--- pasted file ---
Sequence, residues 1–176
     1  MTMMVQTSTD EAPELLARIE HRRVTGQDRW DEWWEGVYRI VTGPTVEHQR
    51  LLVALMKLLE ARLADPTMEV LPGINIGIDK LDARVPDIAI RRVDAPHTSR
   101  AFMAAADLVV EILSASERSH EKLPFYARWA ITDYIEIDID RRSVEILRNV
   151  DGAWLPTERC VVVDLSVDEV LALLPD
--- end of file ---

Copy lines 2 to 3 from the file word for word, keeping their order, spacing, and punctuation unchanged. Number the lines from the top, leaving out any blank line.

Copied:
     1  MTMMVQTSTD EAPELLARIE HRRVTGQDRW DEWWEGVYRI VTGPTVEHQR
    51  LLVALMKLLE ARLADPTMEV LPGINIGIDK LDARVPDIAI RRVDAPHTSR